Review: Get a Cortisol Correction from Second City’s New Mainstage Revue, Do the Right Thing, But No Worries If Not 

Politics are exhausting, but inevitable and important. People are exhausted, but continue to seek normalcy via social interactions. The Second City’s 110th mainstage show’s bifurcated title reflects those two realities: Do The Right Thing, But No Worries If Not. 

The heightened fight-or-flight instincts that now inhabit our daily routines are expressed in this frenetic new revue, which is funny, wistful and slightly disconnected in that self-preservation way. The six-member ensemble is (finally) more diverse, and integrates more audience interaction during the scripted pieces. The two-hour performance is framed by the old Sesame Street pinball machine counting song, a throwback to a simpler time, and perhaps a reminder to count our blessings for what remains of American rights and sanity.

That funky ’70s tune (performed by the Pointer Sisters) also introduces the cast Mouseketeer-style: Andy Bolduc, E.J. Cameron, non-binary Kiley Fitzgerald, Claire McFadden, Julia Morales, and Evan Mills, who states that he’s “ethnically ambiguous to the untrained eye” (and knows how to werk a fan, especially as a dilophosaurus), under director Jen Ellison and musical director Jeff Bouthiette. 

Cast of the Second City’s 110th Revue

The show explores racial divisions from the get-go, with Cameron and Morales running the BLACKbuster video store, providing corollaries between white movie classics and their African-American cousins, from the obvious Wiz instead of The Wizard of Oz, to New Jack City for The Godfather, Creed for Rocky, and Barbershop for Edward Scissorhands. They question The Color Purple, with its all-Black cast but white director, noting “something ain’t right.” 

Mills introduces himself as a gay Filipino, rare like a MCU Infinity Stone, and shares a song quizzing the audience about shared Chicago experiences and life during these difficult days. The show is also peppered with a ringing bell, the “new choice” improv game where the players have to come up with another fresh idea right after the first is said. The conceit is a comedy standard, but takes on more meaning in a time when we wish we also had do-overs, a multiverse of sorts. It also facilitates welcome interaction among other humans.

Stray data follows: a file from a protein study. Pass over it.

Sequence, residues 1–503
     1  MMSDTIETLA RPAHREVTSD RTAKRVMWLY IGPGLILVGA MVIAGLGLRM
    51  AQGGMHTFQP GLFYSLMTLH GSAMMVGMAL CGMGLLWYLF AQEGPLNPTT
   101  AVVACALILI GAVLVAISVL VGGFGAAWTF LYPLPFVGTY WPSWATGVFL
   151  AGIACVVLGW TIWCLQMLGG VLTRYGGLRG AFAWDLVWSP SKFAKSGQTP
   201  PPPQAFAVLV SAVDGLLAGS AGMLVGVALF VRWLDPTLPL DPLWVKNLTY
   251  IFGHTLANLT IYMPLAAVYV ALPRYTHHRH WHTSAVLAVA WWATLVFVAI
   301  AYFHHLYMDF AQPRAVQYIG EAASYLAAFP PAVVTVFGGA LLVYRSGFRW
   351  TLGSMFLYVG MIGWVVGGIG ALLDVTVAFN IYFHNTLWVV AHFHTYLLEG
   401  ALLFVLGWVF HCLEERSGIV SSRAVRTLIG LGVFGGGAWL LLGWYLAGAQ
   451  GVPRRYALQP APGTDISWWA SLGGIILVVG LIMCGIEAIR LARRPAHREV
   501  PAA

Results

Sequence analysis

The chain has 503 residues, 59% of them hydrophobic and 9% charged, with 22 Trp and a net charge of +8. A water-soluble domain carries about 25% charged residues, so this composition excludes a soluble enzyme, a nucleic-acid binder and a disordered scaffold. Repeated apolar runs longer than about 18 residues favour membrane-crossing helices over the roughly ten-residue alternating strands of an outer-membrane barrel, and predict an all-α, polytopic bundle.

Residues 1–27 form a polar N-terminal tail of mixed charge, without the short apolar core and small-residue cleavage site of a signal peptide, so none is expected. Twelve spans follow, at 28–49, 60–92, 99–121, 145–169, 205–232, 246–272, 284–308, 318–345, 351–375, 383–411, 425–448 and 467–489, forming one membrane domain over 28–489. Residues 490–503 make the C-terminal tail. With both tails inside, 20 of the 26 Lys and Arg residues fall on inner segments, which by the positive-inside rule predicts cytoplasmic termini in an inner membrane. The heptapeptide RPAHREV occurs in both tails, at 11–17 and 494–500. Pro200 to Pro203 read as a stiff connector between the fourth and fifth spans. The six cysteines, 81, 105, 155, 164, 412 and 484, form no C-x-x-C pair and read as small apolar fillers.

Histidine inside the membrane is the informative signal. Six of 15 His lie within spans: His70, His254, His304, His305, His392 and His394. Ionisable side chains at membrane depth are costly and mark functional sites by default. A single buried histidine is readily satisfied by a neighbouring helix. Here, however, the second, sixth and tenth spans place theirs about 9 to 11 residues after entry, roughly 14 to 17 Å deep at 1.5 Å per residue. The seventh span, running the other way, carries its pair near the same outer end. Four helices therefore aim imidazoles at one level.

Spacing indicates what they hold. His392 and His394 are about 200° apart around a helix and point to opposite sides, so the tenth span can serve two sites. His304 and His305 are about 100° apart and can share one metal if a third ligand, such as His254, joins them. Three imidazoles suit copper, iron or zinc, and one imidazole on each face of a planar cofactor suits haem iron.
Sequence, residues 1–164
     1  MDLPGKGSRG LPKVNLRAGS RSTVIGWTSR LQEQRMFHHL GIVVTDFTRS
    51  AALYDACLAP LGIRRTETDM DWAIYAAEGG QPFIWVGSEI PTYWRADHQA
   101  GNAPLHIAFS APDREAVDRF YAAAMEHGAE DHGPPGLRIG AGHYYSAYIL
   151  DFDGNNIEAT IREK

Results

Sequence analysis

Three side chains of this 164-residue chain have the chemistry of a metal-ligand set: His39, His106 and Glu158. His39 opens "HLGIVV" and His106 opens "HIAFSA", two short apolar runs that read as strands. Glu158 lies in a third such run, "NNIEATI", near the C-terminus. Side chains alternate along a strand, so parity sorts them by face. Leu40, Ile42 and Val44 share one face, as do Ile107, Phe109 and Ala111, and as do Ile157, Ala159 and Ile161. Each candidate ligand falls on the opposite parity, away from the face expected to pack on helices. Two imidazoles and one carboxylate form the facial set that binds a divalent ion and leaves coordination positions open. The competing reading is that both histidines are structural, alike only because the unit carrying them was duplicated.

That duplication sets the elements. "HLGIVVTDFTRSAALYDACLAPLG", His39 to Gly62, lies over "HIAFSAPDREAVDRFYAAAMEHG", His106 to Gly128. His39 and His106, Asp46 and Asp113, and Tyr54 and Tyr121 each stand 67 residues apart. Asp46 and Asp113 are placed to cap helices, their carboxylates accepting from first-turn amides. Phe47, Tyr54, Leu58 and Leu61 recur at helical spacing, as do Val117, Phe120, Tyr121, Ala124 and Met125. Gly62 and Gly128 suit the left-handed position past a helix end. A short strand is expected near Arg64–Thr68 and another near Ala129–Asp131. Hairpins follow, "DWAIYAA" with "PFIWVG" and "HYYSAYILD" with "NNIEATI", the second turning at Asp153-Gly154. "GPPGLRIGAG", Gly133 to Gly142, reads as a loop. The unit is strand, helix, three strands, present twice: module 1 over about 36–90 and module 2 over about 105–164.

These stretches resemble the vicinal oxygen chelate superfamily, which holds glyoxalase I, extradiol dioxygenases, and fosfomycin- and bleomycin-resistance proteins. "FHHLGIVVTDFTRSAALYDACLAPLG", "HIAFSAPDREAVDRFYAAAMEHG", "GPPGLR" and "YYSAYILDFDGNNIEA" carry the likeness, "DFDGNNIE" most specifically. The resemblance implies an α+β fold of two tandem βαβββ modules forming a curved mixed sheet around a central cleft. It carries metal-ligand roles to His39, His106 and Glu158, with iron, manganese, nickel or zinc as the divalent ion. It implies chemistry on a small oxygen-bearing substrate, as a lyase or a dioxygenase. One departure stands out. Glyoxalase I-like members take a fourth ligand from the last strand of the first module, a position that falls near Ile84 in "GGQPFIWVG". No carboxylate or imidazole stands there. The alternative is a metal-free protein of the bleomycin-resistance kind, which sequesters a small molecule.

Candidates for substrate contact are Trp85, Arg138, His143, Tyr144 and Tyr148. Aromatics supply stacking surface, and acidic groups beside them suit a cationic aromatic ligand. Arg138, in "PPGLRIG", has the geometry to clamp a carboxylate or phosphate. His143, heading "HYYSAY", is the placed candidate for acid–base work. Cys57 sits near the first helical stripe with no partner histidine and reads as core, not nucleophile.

(Left to right) Evan Mills, Julia Morales, Andy Bolduc, Kiley Fitzgerald, Claire McFadden and E.J. Cameron. Photo by Timothy M. Schmidt.

The Riverdale Bayside Euphoria High School experience is deconstructed, as are the intricate intimacies between friends becoming lovers during a car ride home. An outing to the insult-restaurant Dick’s Last Resort reveals a politically correct preferred pronouns exchange, and the accurate declaration that “Facebook is a terrorist network.” An in vivo “vibe check” is performed on twin fetuses, aka “BOGO babies.” The Irish Goodbye is a blackout in all senses of the word. The first act ends with another school sketch, this time with the cast incorporating the audience into their detention space for illegal note-passing.

Office code-switching breaks down at the top of act two. Then McFadden becomes a delightful Edith Piaf-like, cabaret-singing earthworm celebrating that life is actually good, including all the sauces available, from tzatziki to vindaloo to sriracha (sadly heading for a shortage). A Midwestern Catholic couple take personal family questions from the audience, then others take a bird walk.

Photo by Timothy M. Schmidt.

The show doesn’t mention current politics much, nor the pandemic aftermath, except during the Beaver Day School sketch, where the kids spent most of lockdown perfecting TikTok dances instead of book learning. A support group for unpopular opinions asserts that 1) dogs are just OK; 2) people with nut allergies are just faking it; and 3) men’s soccer is a scam created by crisis actors. There’s a dinosaur gynecologist, a dinocologist, blackout, and a bottomless mimosa brunch that you will never unsee.

Overall, the new revue is zippy but perhaps somewhat disconnected because folks don’t know what or how to feel any more with the ongoing onslaught of trauma. Life already bumps us from tentative highs to extreme lows on the daily. Our nervous systems are shot, and this show attempts a cortisol correction, now that we are at least temporarily together again. 

Do The Right Thing, No Worries If Not runs at the Second City, 1616 N. Wells, Tuesdays-Thursdays at 8pm, Fridays-Saturday at 7pm and 10pm, and Sundays at 7pm. Tickets are $29-87, and available at 312-337-3992.

For more information on this and other productions, see www.theatreinchicago.com.

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Karin McKie

Karin McKie is a Chicago freelance writer, cultural factotum and activism concierge. She jams econo.